In micro-teaching which is generally practiced in B.Ed. colleges, the skill of demonstration is also practiced. Basically, there are 10 major skills of micro-teaching which are practiced in teacher training institutions. But here in this post, you will get the explanation, importance, and application of the skill of demonstration in micro-teaching. This will help you to improve your micro-teaching even better.
Table of Contents
Application and Meaning of The Skill of Demonstration in Micro-Teaching
The demonstration is an easier process for proper concept formation because it makes the subject matter concrete with real-life situations. The demonstration in teaching makes learning simpler and meaningful as it helps the teacher to link learning with the real-life situations of the learner. Hence the skill of demonstration is one of the major skills of micro-teaching.
A Demonstration is an activity and process of explaining and describing the concept, idea, principle, law, teaching point, etc with the help of showing specimens or devices or experiments in the teaching-learning process. Demonstration creates a lively situation by using real things among the students.
Teachers use this method for more clarification of theoretical knowledge. The students observe the demonstration critically and try to draw inferences, thus the powers of observation and reasoning also exercise.
How to use the Components of the Skills of Demonstration?
The components of the Demonstration skill are as follows-
- Relevant to Topic, Concept, Idea, and Teaching Point
- Creation of Appropriate Situation
- Adequacy of Manipulative Skills
- Pupils Involvement
To use these components in micro-teaching as well as in your micro lesson plan, you have to understand all of these properly. Every component has its own importance, so you have to include all of them to make your teaching and lesson plan perfect. So, here is the explanation of each component of the demonstration skill.
Relevant to Topic, Concept, Idea, and Teaching Point:
For proper understanding and for teaching effectiveness, the demonstration should be relevant to the topic, concept, idea, principle, and teaching point proposed to be taught. For conducting the demonstration the teacher should select relevant and appropriate devices or specimens. Otherwise, unrelated devices or specimens (which are not related to the topic, concept, idea, and teaching point) distract the attention of the learner and make teaching ineffective.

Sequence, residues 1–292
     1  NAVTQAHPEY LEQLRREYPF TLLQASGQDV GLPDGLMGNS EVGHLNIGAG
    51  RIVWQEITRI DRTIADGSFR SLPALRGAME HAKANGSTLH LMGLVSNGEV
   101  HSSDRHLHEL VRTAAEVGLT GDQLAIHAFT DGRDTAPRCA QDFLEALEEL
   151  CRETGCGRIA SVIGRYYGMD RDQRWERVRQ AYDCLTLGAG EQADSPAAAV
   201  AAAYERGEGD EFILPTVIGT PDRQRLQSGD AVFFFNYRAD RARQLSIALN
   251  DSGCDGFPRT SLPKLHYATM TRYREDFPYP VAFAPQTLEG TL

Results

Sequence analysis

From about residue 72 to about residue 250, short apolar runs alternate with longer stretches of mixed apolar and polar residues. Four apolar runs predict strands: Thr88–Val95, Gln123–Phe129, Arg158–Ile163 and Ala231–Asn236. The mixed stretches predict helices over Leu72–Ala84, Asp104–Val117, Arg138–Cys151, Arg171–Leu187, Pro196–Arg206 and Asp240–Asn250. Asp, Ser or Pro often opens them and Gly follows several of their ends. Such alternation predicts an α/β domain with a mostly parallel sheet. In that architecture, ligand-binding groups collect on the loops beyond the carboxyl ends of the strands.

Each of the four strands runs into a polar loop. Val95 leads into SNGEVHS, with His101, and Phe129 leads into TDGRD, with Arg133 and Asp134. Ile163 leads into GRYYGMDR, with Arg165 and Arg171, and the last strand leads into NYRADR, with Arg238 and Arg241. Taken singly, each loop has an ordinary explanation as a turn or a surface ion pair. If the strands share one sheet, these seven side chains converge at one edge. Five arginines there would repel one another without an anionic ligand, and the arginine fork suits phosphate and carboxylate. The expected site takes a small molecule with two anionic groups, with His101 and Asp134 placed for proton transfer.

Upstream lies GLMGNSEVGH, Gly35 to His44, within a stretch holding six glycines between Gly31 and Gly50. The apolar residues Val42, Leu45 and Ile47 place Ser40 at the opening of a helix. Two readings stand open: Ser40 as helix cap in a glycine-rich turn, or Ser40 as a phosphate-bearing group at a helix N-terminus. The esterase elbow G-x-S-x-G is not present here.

Creation of Appropriate Situation:
In order to create curiosity in demonstration among students creation of an appropriate situation is necessary. The appropriate physical situation with proper aids, instruments, diagrams, gestures, movements, etc should be created to convey the idea. Therefore, sequentially showing the learning material is always better than demonstrating all the materials together. For effective teaching effective environment is essential for demonstration.
Adequacy of Manipulative Skills:
In order to make the demonstration effect, the teacher should have proper manipulative skills such as proper handling of apparatus, instruments, equipment, etc in experimenting. The teacher should have adequate manipulative skills. Inadequate demonstrative skills would certainly result in creating distrust in the minds of the learners about the teacher’s competency in demonstrating materials. So, the teacher should acquire manipulative skills related to the demonstrating materials before the demonstration.
Here appropriateness implies that the concept, idea, and teaching point should be suitable to the age, class, and abilities of the learners. It must form an equilibrium stage where objectives of demonstration should always reflect the objective of the subject matter. If the teacher demonstrates a complex experiment in the lower class and demonstrates an easy experiment and showing a very simple chart in the higher class then it is not appropriate.
The teacher’s involvement in the demonstration should be followed by the pupil’s active participation in the demonstration. One main objective of demonstration for conducting experiments in the classroom is to provide an opportunity for learning by doing. One way to facilitate pupil’s involvement in the demonstration is by putting relevant questions to them. In some demonstrations (like showing charts and maps) there is no such opportunity for involving students to learn by doing activities. In such cases, the teacher should involve students to identify different places and positions in maps and charts.
With the help of the learners, the teacher should consolidate the main points in terms of rules, principles, laws, theory, etc. In the demonstration, the teacher tries to consolidate the learning into a real picture before students by asking various why and how type questions step-wise. To clear the real picture the teacher should write the main points on the blackboard accordingly. As soon as the demonstration comes to an end and the teacher should write the generalization point on the blackboard.
For demonstration, the teacher should follow the Learner- Centric approach (Heuristic approach). The teacher should involve the students as a minute observer from the beginning of the demonstration. Because, it gives the individual learner a chance to involve cognitively in the demonstration and take responsibility for his progress with the freedom to start, stop and pace himself at will.